JWA's Institute for Educators: Making it all about the learning
Last week I was able to spend a week learning from the wonderful people at the Jewish Women's Archive as they were teaching us how to use their online archive in our schools, especially the Living the Legacy curriculum. The curriculum teaches about the role of Jewish women and men in the civil rights movement, an event that changed the world we live in. One statistic that struck me is that some estimates suggest nearly half the white women who went south to work for civil rights from the north had Jewish heritage as part of their family history. These were mostly women of privilege who saw injustice and wanted to change it. This story is important and visiting JWA’s website and learning about these extraordinary women would be well worth your time.
But what was interesting was that I was the only man in a group of 25 Jewish educators from the U.S. and Canada. Still, this was not an unusual position for me in my career. I knew a couple of the people before I came, recognized a few more from other conferences, and many were complete strangers. What was amazing was how quickly we became a community.
As an obvious outsider, it would have been easy to hold me responsible for the sexism of the past and in many cases the present. (I did occasionally cringe when some spoke of their helpless husbands suffering back home.) But we represented what truly illustrates the theme of my multicultural workshop "The Diversity of a Dozen Eggs." (This workshop explores diversity in a group often seen as homogeneous. The title comes from a teacher saying that she didn't have diversity in her classroom so multiculturalism was not important to her, and my reply: "You can find diversity in dozen eggs." Please email for more information.)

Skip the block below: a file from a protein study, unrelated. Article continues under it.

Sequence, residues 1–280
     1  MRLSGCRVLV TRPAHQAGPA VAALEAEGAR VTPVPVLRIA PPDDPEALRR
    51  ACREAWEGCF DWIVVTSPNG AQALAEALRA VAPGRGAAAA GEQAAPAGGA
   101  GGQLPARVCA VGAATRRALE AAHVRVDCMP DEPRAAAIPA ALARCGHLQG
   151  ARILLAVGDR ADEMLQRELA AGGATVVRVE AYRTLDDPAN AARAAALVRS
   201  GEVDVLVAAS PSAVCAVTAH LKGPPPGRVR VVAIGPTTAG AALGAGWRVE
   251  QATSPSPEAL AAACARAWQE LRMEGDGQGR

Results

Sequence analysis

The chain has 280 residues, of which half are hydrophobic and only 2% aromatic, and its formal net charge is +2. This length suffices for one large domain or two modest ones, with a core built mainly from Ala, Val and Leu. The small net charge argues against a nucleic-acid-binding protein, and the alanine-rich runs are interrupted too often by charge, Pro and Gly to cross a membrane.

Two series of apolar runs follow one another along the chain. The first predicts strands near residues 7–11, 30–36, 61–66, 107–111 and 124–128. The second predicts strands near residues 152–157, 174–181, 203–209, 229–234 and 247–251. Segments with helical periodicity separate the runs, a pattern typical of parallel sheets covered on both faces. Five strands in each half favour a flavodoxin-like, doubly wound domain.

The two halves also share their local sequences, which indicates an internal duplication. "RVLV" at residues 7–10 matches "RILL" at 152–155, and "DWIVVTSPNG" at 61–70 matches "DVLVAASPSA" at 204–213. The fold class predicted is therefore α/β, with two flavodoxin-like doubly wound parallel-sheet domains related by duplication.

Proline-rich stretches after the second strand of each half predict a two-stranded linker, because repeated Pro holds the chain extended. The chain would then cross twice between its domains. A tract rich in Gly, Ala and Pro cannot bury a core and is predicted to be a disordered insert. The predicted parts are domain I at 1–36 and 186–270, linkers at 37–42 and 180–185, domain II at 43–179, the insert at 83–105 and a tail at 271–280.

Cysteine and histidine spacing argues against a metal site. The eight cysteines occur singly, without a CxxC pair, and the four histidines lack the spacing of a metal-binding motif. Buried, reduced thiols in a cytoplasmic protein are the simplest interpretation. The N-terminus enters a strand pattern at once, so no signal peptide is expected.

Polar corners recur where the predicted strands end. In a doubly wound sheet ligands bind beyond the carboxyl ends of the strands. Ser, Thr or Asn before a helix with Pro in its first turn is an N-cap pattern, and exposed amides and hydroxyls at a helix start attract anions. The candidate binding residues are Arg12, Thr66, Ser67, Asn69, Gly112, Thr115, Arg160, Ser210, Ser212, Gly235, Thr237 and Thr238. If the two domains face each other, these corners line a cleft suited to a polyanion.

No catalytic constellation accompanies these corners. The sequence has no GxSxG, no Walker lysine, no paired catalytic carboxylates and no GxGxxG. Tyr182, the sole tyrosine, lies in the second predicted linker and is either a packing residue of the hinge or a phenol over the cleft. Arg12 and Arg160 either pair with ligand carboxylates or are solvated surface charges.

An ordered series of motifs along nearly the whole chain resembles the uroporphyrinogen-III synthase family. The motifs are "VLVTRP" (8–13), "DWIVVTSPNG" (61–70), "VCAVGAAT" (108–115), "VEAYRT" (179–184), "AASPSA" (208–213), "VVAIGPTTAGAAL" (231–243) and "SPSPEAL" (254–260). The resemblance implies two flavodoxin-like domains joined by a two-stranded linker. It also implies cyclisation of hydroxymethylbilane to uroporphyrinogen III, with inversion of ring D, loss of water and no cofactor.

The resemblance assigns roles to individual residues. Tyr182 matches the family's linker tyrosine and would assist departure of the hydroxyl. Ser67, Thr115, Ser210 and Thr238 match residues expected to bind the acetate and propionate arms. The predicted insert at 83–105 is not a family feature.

We were born Jews and Jews by Choice, Orthodox, Conservative, Reconstructionist, Reform, and Secular Humanist. We were Rabbis, lay synagogue professionals, lawyers, writers, and many other professions I can't remember. We were Jews who kept kosher and some who loved bacon, Jews who love services and Jews who never attend, Jews who feel God in every tiny detail of the world, and Jews who are comfortable in their doubt of God's existence. But we were all there for one thing: We were there to become better educators and bring voice to the voiceless of history.
What happened is that we all learned from each other, we all shared with each other, we all connected with each other. So often the walls that separate us make it hard for us to access all we can be.
When I think of my experience at JWA’s Institute for Educators, I will always remember the teachers who think outside the box to instill the wonders of Judaism to the next generation. I will remember how we worked together to find ways to modify the curriculum for our particular setting. I will remember the discussions of sustainable food and traffic on route 128. I won't remember where these women daven, or how they say the blessings, or if full kriah is important to them, and that will always make me smile.
We came together in diversity and left in unity without compromising that diversity. Huzzah to all the women I learned from and to Etta, Judith and the entire staff at JWA. Thank you for making my summer learning useful and reenergizing.
George Kelley was a participant in JWA's 2011 Summer Institute for Educators. He is the Education Director at Congregation Beth-El Zedeck in Indianapolis as well as a storyteller and speaker, who does a great deal of work in the interfaith community looking for ways for people to share community without having to give up their differences.